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Sunday, September 6, 2015

The Dying Art of Communication

At this present writing, the planet Earth is now over 7.2 BILLION people. That's a hefty amount of folks. 

In the 1950s and early 60s, (and truth be known, long before that), evenings in a household were spent communing with each other. It was long before the advent of cell phones, and for some, television wasn't even an option. There was conversation, or silent interaction as women performed craft work, men worked on hobbies, and children did homework and/or played on the floor. For those who enjoyed stories, people took turns reading, and imagining it within their thoughts. 

I recall even in the early 1960s, there was no such thing as making a date to visit. No one thought of calling to see if a family was available. One changed to their better clothes, piled in the car, and showed up at someone's door. Immediately, the television was turned off, the children escaped into the bedrooms to share toys and games, and the hostess of the house put on the coffee pot. Adults then headed for the living room, sat in their favorite chairs, and conversation pursued

It was just the way of the world, but people communicated. Oh yes, there was always that challenging debate centered on politics and/or religion, until the women calmed their husbands down, but we rarely heard them over the giggling, laughter, and high pitched child's talk.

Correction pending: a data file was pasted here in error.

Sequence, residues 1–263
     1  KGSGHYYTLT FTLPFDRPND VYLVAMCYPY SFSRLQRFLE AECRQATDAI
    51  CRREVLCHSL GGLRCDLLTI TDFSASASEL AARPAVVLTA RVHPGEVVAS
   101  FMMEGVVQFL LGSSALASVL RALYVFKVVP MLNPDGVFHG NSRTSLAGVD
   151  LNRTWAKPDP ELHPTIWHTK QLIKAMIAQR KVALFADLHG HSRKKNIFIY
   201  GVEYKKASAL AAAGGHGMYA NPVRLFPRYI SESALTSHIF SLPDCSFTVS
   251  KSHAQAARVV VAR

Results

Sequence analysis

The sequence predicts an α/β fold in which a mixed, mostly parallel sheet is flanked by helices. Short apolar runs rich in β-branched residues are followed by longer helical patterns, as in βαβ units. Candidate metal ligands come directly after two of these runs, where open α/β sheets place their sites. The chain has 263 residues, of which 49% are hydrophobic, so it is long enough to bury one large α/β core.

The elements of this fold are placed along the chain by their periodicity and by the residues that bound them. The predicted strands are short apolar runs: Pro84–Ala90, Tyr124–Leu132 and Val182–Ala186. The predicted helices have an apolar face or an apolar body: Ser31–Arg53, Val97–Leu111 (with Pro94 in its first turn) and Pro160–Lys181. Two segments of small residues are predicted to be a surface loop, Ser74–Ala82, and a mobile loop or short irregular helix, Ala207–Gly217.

By the 1970s, we discovered that we no longer were allowed to show up at others' homes -  practice that was performed for centuries. What a disservice we created!

Yesterday, I asked for a conversation, not a gripe session, and positive aspects preferred. None was available. Today, I turned towards a different group, this time online and with a positive topic to discuss. As of this writing, I have a lot of folks reading my words, but not one response. I have left the request behind and am now observing it in a sort of sociological experiment. 7.2 billion people on the face of the Earth, yet we can not even look at a stranger and say, "hello". Interesting. 

And we sit back and wonder why the world is what it is. Why are we not heard? Why are we so alone? Why are we not engaging in negotiations? Why can't groups or individuals work it out? What was that idiot thinking? Did you ask? Does it matter?

I recall when Simon & Garfunkel sang, "I am a rock. I am an island...." and we thought it odd. After all, no man was an island - or so they said. But we are creating a mass population of islands upon this planet. And in our new mode of non-communication, we are allowing people to go by the wayside, allowing the illusion of "you are not wanted" to widely multiply. And we wonder why individuals walk away in various methods.

The catch-all excuse of "well, we're just so busy" is not an excuse. Work a farm. Better yet, work a milking dairy, along with a farm. Yet, those farmers of old still found time to commune because the majority of the ventures we think are now important, held no importance years ago.

Communication. Simple, simple conversation. It leaves us in abundance on a daily basis and we are reaping the effects - if we allow it. (patton, 2015)

Photo: "Saturday Snaps", Chronically Vintage, April 2010, www.chronically

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